On holding on to dreams and a confession

…if you feel your dreams slipping in the riptide and undercurrents of global-market turmoil–lunge after them, grab them, and hug them fiercely to your beating chest. To allow them to slip away would be to accept diminishment. – Captain Fatty Goodlander

Back in 1999, fresh out of college and working my first job, I came across Robert Doty’s website Sleeping With Oars. I excitedly told Tig about this crazy subculture that lives and sleeps on sailboats. He drank the Kool-aid and became even more enamored with the idea than me. Over the next couple of years we went to a boat show and took sailing lessons at the local sailing club.

Eventually, the dream petered out as we didn’t know any liveaboards or sailboat owners to help guide us through what seemed to be an insurmountable task.

Fast forward to this past November. Our neighbors have sold their house and bought a boat to go cruising. We followed Nassim Nicholas Taleb’s advice to go to parties and ended up at a local marina gathering. The dream has been revived.

We don’t want to wait until we’re 65 to get the guts to do something different than “the plan.” You know, The Plan: go to college, get married, buy a house, have two kids (we’ve done all of that with no regrets), buy bigger house, bigger car, accumulate lots of stuff, retire someday, and then you can live your dreams before you die…hopefully. It’s the second part that I wish to avoid.

I’ve always been fascinated by tiny homes, small space living, little Airstream camper vans and sailboats. Living and working on a sailboat together will be hard work. We expect it to be. But hopefully, it will also be a fun and worthwhile adventure.

Maybe this crazy idea won’t pan out. Maybe we’ll try it and conclude that boat life isn’t suited for us, that we would prefer to live in a little seaside cottage or a farmhouse instead. It doesn’t matter. As long as we don’t stop dreaming. Some people want to travel the world, others want to go back to the land and live off the grid. I just want to hold on to my spirit. And my kids.

And now, a confession. We haven’t told many people about our plans. We don’t want to subject ourselves to critics or naysayers yet, not until we have a boat in our hands. Even well-meaning friends and family often have a vested interest in keeping us on The Plan.

What are you doing to protect your dreams?


6 Replies to “On holding on to dreams and a confession

  1. this is my response to naysayers

    What i have found though is that mostly effusive enthusiasm and sense of purpose is enough to make people question their own “normal” before they start to apply it to my dreams. Lately victoria has been having conversations witwh strangers (at parks, the store, etc.) about our dream. It seems that most of them are thinking of joining us before they part ways.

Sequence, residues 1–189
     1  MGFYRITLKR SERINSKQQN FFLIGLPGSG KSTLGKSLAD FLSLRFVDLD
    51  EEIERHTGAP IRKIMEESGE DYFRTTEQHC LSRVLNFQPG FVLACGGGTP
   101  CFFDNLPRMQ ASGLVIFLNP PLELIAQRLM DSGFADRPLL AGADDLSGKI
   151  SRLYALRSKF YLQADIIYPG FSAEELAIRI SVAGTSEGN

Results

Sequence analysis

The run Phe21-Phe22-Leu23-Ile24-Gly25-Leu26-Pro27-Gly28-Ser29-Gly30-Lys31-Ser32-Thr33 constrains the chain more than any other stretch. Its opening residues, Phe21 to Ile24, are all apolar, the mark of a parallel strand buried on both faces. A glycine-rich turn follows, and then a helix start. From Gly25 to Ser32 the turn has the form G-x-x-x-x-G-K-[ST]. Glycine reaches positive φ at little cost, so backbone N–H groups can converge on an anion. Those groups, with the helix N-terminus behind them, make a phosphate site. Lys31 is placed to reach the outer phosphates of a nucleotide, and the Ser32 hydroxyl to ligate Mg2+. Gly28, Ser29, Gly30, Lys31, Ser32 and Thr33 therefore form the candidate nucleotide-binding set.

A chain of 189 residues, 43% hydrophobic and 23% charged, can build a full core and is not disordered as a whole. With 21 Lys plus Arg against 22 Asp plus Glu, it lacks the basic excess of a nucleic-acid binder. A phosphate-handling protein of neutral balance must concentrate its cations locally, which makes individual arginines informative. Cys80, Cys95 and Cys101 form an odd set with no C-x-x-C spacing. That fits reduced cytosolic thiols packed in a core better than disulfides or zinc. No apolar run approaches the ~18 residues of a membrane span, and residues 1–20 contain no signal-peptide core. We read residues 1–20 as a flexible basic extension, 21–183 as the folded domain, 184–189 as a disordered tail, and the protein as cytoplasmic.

My take, intentional, purposeful living has a magnetic force.

    FWIW, I am really enjoying following your journey. Keep the posts flowing.

    1. “…If I succeed I will snorkel, hike, and live truly, in paradise. If you succeed you will get to work.”

      Tucker, I really like your response! I’m a big fan of the living well is the best revenge approach. It’s funny because I want other people to have adventures and love to be inspired by others. I can’t imagine zapping their dreams.

  2. I believe Mark Twain said it best, ” Twenty years from now you will be more disappointed by the things you didn’t do than by the ones you did. So throw off the bowlines. Sail away from the safe harbor. Catch the trade winds in your sails. Explore. Dream. Discover.” We bought a 37′ sailboat and will be venturing out next summer. Perhaps we will bump into each other. Good luck in your search!!!

    1. It’s a wonderful quote. Congratulations on your sailboat, Zina! Do drop us a line when you are off on your adventure, I’m so excited for you.

  3. At the park a mama asked me if my daughter was in the Oakland Unified school district and through a series of multiple kid interruptions I told her that we live on our boat and are going cruising later this year and therefore we homeschool. Several interruptions later she came back to me and said, “you’re not helping me.” She was trying to figure out which three kindergartens to put on the form this week and suddenly the world opened up to her and she had to think about selling everything to live on a sailboat or buy an RV or ride bikes to South America with her family. I wish I’d gotten her name. I’d love to hear what happens. You might be surprised about the reactions you get!
    One thing for sure is that I’ve never met a sailing family that wished they stayed home. People constantly tell me that we’re giving our kids an incredible gift. I love this life!

    1. Wow, Victoria. Any of those three would be great options for her, or why not all of them? What’s even better is that you are seeding other people’s dreams!

      Have you posted about your homeschooling (or “boatschooling”) plans? We are considering homeschooling as an option. ~Serena

      PS. I noticed you mentioned Oakland, we lived by Lake Merritt years ago and loved it!

Comments are closed.